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Russia: Putin says US whistleblower free to leave Russia

26th Jun 2013

Russian President Vladimir Putin has said that US whistleblower Edward Snowden remains in the transit zone of a Moscow airport. Putin denied allegations that Russian intelligence agencies had worked with Snowden.

Russian President Putin told reporters during a trip to Finland on Tuesday that Moscow does not have an extradition treaty with the United States, and therefore would not hand over the whistleblower Snowden to Washington.

“He came as a transit passenger and he does not need a visa or other documents,” Putin said. “As a transit passenger, he has the right to buy a ticket and fly where he wants.”

“The sooner he selects his final destination point, the better both for us and for him,” the Russian president said.

Earlier in the day, US Secretary of State John Kerry had called on Russian authorities to turn over the former National Security Agency contractor, who leaked the existence of a mass electronic surveillance program called PRISM.

“I would simply appeal for calm and reasonableness in a moment where we don’t need to raise the level of confrontation over something as, frankly, basic and normal as this,” Kerry told reporters during a trip to Saudi Arabia on Tuesday.

“We’re not looking for a confrontation; we’re not ordering anybody,” the secretary of state continued. “We’re simply requesting under a very normal procedure.”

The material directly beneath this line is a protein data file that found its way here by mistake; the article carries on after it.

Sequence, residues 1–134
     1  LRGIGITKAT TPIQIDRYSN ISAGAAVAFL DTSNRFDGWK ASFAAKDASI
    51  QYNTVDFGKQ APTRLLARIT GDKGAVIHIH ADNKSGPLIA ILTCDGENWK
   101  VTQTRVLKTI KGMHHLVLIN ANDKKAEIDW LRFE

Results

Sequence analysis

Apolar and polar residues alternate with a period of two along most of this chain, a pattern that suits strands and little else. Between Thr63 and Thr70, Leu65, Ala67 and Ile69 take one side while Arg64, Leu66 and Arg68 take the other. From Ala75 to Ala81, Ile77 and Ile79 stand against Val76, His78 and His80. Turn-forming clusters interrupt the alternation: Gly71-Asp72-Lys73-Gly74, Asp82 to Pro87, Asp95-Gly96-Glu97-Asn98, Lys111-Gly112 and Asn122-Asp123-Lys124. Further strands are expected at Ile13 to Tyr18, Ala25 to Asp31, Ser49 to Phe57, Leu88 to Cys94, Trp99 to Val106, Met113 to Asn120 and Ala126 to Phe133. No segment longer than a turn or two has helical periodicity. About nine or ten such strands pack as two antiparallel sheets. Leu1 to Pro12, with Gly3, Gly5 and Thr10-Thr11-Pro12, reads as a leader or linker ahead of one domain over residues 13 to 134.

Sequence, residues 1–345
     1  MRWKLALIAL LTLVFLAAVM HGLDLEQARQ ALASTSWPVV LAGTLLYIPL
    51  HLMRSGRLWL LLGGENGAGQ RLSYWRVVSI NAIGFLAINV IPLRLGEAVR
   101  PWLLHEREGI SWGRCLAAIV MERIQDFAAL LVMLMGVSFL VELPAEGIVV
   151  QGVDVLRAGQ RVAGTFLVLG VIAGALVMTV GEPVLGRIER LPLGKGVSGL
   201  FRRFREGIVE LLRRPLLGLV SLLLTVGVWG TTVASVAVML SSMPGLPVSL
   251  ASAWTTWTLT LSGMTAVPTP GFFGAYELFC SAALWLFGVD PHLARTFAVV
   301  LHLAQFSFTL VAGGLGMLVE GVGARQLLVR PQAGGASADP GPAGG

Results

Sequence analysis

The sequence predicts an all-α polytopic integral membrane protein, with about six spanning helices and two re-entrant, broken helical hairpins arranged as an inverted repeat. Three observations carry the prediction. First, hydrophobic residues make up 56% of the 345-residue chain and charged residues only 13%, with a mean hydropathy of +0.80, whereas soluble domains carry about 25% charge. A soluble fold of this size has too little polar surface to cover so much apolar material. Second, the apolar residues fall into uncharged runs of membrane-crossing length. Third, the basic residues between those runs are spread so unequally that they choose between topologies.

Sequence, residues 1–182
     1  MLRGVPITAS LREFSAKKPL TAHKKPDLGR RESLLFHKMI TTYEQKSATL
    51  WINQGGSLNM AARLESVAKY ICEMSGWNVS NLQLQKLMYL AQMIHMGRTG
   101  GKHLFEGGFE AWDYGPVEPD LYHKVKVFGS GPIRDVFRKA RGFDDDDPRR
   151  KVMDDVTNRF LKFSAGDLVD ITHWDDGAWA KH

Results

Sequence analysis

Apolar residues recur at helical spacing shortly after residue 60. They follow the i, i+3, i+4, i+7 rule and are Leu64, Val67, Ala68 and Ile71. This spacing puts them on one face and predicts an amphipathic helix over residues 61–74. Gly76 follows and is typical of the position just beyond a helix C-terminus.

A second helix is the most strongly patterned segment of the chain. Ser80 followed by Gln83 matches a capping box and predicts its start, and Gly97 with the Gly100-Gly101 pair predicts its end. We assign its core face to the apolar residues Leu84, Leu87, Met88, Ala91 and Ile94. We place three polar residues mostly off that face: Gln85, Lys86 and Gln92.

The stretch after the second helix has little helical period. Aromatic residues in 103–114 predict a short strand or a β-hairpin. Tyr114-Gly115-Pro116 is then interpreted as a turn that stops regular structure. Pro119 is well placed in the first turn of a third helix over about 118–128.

Snowden has applied for political asylum in the South American nation of Ecuador. Quito has said that it is still considering the application.

US-China tensions over Snowden

On Sunday, Snowden fled from Hong Kong to Moscow, raising tensions between the US and China. The US State Department revoked Snowden’s passport over the weekend, making it unclear what travel documentation he is using to cross international borders.

Wikileaks founder Julian Assange has said that Snowden is using a “refugee document of passage” issued by Ecuador to travel. Wikileaks has been helping Snowden, providing him with financial and legal support.

“This was a deliberate choice by the [Chinese] government to release a fugitive despite a valid arrest warrant, and that decision unquestionably has a negative impact on the US-China relationship,” White House spokesman Jay Carney said.

Beijing, for its part, has vigorously denied allegations that it allowed Snowden to flee from Hong Kong to Moscow.

“It is unreasonable for the US to question Hong Kong’s handling of affairs in accordance with law, and the accusation against the Chinese central government is groundless,” Foreign Ministry spokeswoman Hua Chunying told a regular press briefing in Beijing on Tuesday.

In addition to leaking the existence of the PRISM surveillance program, Snowden also claimed that the US had been mounting cyber attacks against the Chinese government and corporations.

For months, the US has been accusing China of hacking American corporations and government computer networks.

slk/jr (AP, AFP, dpa, Reuters)



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Sectarianism in the Middle East and its rise in the UK, Standpoint, Sahar TV. Interview 29 May 2013 and aired on 12 June 2013

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